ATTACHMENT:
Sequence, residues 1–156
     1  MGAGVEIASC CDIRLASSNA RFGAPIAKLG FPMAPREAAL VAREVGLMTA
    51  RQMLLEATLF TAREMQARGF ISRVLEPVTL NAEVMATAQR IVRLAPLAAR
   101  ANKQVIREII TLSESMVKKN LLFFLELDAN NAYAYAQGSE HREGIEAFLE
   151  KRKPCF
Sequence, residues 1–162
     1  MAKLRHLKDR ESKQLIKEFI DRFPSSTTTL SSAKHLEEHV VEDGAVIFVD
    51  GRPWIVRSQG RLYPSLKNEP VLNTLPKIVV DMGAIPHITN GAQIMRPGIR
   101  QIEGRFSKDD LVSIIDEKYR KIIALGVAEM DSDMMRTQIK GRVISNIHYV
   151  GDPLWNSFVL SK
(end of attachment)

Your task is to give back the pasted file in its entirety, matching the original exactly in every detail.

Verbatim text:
Sequence, residues 1–156
     1  MGAGVEIASC CDIRLASSNA RFGAPIAKLG FPMAPREAAL VAREVGLMTA
    51  RQMLLEATLF TAREMQARGF ISRVLEPVTL NAEVMATAQR IVRLAPLAAR
   101  ANKQVIREII TLSESMVKKN LLFFLELDAN NAYAYAQGSE HREGIEAFLE
   151  KRKPCF
Sequence, residues 1–162
     1  MAKLRHLKDR ESKQLIKEFI DRFPSSTTTL SSAKHLEEHV VEDGAVIFVD
    51  GRPWIVRSQG RLYPSLKNEP VLNTLPKIVV DMGAIPHITN GAQIMRPGIR
   101  QIEGRFSKDD LVSIIDEKYR KIIALGVAEM DSDMMRTQIK GRVISNIHYV
   151  GDPLWNSFVL SK